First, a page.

Udi's Sandwich Bread: Whether I'm craving cucumber-cream cheese or mounds of roast beef, I reach for Udi's, a durable rice-and-tapioca bread available in white or whole wheat. Unlike other options, it doesn't require toasting to hold up to messy fillings; you can eat it soft, straight from the loaf.
Tinkyada Pasta: Tinkyada's pasta-salad-perfect noodles (penne, shells, spirals) are made with brown rice and rice bran (fiber boost!), and stay incredibly chewy. One tip: The directions significantly overestimate cooking time. If you like your pasta al dente, start taste-testing at the halfway point.
The Good Bean Roasted Chickpeas: You can opt for gluten-free croutons, but this new snack has become my new favorite salad topper. All-natural roasted chickpeas, dusted with sea salt, cracked pepper, or smoky chili and lime, are crunchy and flavorful, without overpowering a salad. And the chickpeas are naturally high in fiber and protein.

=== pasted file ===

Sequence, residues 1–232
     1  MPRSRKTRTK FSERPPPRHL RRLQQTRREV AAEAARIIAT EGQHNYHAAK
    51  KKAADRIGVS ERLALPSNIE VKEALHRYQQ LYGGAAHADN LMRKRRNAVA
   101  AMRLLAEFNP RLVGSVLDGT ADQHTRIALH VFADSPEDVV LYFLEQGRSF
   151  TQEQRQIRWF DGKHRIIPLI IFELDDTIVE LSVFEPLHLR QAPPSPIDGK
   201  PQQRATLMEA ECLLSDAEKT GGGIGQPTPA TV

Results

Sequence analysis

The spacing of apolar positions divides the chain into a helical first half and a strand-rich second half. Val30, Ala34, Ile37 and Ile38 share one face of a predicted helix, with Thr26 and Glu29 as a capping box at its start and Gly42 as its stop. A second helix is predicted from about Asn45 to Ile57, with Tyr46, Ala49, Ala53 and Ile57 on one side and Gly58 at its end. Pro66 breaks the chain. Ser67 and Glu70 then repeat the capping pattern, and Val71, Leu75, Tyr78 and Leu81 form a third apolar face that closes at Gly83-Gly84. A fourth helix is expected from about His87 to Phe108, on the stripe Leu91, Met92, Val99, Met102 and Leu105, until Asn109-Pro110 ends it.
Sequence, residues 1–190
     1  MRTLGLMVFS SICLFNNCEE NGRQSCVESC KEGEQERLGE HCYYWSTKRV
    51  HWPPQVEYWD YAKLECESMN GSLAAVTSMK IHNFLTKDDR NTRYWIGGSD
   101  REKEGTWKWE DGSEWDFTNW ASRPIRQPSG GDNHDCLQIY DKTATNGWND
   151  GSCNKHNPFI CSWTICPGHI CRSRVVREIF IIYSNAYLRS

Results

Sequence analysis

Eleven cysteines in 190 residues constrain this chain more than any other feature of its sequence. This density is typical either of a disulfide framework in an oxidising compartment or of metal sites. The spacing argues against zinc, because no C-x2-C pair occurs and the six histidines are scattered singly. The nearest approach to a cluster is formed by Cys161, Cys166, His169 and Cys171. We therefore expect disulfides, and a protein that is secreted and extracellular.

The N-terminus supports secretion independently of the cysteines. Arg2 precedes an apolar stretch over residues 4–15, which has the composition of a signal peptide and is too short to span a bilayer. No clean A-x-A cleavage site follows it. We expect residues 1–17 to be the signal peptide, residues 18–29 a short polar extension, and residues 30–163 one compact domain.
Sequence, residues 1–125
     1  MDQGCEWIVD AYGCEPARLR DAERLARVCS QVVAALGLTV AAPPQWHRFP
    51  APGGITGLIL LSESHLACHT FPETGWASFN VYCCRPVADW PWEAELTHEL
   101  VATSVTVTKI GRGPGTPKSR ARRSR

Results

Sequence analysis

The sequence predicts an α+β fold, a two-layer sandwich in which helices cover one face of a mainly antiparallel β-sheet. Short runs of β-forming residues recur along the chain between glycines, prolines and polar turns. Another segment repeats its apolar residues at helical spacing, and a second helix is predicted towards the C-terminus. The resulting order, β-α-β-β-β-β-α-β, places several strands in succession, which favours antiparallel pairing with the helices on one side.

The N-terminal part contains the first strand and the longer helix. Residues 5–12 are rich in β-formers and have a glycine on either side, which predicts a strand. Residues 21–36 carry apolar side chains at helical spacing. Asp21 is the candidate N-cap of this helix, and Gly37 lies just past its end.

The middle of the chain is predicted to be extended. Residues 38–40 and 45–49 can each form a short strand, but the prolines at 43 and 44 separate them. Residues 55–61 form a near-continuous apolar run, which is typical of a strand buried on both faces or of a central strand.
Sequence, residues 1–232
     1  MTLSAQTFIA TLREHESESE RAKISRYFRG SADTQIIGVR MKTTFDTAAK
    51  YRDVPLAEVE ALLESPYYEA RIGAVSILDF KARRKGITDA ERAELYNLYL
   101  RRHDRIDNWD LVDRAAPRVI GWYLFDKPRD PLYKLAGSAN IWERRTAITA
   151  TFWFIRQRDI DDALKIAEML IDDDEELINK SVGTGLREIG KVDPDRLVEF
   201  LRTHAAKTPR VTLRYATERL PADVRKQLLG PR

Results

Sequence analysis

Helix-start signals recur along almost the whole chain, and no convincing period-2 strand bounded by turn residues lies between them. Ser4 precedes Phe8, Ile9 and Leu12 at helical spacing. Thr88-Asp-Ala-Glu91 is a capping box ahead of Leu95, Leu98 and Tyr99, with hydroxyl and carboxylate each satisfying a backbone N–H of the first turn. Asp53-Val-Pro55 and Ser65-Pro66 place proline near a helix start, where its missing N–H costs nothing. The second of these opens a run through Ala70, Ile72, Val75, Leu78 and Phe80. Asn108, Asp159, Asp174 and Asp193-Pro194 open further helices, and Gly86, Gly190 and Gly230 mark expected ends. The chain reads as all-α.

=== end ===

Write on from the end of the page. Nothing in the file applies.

[After the jump, something crunchy and something sweet]
This week, Rosie O'Donnell came to Harpo studios to start work on her new show. It looks like she had a great day with our colleagues in Chicago, and we can't wait to see it premier in October on OWN!
Korea's Got Talent has a new star in the semifinals--a 22-year old opera singer named Sung-bong Choi who specializes in Italian love songs. But what makes Choi so heartbreakingly wonderful is his past as a homeless boy who used sleep in doors and sell gum to survive....from the age of 5. Watch the video below (now viewed by over 9 million people) and see how the whole story of his past came to light on national television--with such restraint and grace, you'd think he was a head of state.
"I want to be a person who gives hope and happiness with a song," he says in the video. He does that. But with so much more than just music.
Read more inspiring stories:
The surprise only an older brother could give
A girl who triumphs over her abusive past.
The kindness of strangers: A nurse who changed the way we say goodbye.
We're going to try that trick the next time we eat or drink something cold. Even if it doesn't work, these icy treats are definitely worth the brain freeze risk: